What of Zionism?  I am not obsessed with it, nor do I think it fundamentally evil, at least not more so than Christianity, or white supremacy.  Some view Zionism as racial supremacy.  I don’t.  I do not believe Theodor Herzl, its founder, was a racist.  He did regard Jews as a race, but not a superior race.  Other Jews might have, but not he.  His commitment to Zionism was reinforced by the Dreyfus Affair in France, and the appalling treatment of Jews in Russia and elsewhere, which made Herzl think that a Jewish homeland might be a good idea, to set up a place where Jews could come and live in peace.  Palestine was that place.  The Jews settled in sparsely populated areas of what was then a part of the Ottoman Empire.  They started arriving there in the 19th century, mostly from Eastern Europe, Poland and Russia particularly, for good reason.  Mark Twain mentioned in the record of his travels to the Holy Land in the 1860s that much of what he saw was primarily desolate, with few signs of life.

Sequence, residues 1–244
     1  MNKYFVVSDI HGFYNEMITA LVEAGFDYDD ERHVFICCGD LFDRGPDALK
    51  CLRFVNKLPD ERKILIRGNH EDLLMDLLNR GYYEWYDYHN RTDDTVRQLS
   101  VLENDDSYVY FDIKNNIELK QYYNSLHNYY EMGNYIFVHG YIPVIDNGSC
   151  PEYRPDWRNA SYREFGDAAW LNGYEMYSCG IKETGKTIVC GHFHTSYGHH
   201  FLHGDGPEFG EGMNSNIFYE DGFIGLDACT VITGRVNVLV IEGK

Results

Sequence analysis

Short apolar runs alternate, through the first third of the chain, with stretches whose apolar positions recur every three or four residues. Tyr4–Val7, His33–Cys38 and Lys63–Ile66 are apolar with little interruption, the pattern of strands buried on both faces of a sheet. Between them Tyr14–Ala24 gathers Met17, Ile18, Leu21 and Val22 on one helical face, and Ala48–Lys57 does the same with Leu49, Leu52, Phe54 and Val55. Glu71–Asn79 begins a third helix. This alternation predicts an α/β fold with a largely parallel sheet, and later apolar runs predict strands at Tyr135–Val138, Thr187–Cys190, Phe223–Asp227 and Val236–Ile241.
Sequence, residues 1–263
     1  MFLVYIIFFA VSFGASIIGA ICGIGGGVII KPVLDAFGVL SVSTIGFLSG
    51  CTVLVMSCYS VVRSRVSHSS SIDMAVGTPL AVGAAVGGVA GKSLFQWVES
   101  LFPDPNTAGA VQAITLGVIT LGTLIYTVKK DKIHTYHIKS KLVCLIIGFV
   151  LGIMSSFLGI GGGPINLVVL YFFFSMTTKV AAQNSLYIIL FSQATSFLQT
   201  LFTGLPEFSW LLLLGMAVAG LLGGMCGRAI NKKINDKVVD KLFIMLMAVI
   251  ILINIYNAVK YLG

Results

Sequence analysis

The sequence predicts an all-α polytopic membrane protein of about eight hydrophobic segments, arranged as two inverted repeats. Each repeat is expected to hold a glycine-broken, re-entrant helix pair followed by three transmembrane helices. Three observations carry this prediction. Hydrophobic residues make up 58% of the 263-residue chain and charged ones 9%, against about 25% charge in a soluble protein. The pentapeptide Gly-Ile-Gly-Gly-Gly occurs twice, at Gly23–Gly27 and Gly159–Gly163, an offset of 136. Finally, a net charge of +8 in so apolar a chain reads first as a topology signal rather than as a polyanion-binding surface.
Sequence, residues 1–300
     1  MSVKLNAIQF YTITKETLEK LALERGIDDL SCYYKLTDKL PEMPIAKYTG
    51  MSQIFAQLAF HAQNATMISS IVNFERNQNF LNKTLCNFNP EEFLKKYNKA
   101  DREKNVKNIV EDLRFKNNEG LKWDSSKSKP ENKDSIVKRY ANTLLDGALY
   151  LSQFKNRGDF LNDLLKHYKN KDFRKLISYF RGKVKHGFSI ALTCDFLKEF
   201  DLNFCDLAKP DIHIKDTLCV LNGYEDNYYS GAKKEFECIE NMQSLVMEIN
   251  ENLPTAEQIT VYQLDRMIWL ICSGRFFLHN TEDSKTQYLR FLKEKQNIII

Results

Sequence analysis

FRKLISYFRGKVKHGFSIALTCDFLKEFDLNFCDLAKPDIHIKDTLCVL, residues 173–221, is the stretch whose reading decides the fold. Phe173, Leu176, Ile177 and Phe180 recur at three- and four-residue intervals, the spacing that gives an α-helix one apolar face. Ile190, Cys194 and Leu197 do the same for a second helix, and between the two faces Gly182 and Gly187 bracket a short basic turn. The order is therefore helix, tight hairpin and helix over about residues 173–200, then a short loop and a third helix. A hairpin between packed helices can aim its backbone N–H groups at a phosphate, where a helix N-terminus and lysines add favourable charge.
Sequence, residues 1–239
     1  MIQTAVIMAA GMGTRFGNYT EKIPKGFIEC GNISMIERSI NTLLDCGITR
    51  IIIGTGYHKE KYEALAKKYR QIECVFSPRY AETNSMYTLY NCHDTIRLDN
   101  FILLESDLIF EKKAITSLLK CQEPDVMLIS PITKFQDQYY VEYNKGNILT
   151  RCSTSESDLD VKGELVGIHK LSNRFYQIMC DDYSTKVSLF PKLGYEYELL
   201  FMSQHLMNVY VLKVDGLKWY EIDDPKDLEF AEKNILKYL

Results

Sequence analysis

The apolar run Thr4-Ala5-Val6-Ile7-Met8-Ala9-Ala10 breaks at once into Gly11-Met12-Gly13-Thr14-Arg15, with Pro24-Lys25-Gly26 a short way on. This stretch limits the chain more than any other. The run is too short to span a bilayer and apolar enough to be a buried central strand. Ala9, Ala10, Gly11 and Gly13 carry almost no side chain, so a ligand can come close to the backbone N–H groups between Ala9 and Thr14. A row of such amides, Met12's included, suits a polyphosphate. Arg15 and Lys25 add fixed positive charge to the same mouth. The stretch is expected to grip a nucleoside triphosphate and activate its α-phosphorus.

Most of the Arabs lived in the eastern part of Palestine, in Jerusalem and what would become the countries of Jordan and Syria.  As Jews settled and started to transform the remote sections of Palestine they had migrated to, Arabs began to arrive.  Jews and Arabs lived side-by-side with little incident until after WWI, when the British made dual promises to both groups.  Jews were promised an officially sanctioned homeland by the Balfour Declaration, but the British reneged on this in the 1939 White Paper, which made a gracious offer to the Palestinians, which their leader the Grand Mufti (who had just finished leading a three-year revolt, in which hundreds, if not thousands, of Brits and Jews were killed) foolishly rejected, because he wanted more, despite the fact that he had been offered most of Palestine, with the Jews getting a sliver.  The Arabs wanted Jewish emigration to Palestine stopped in the 1930s, as they were fleeing from Nazi Germany, and again, the British obliged.  The post-WWII partition plan by the UN was also fair, and the Arabs rejected that, too, the Palestinians themselves might have accepted it, but Arab leaders wanted more than what was allotted to them, which is why they decided to lead an invasion of Israel in 1948, which Israel won.   Syria and Egypt were the major aggressors.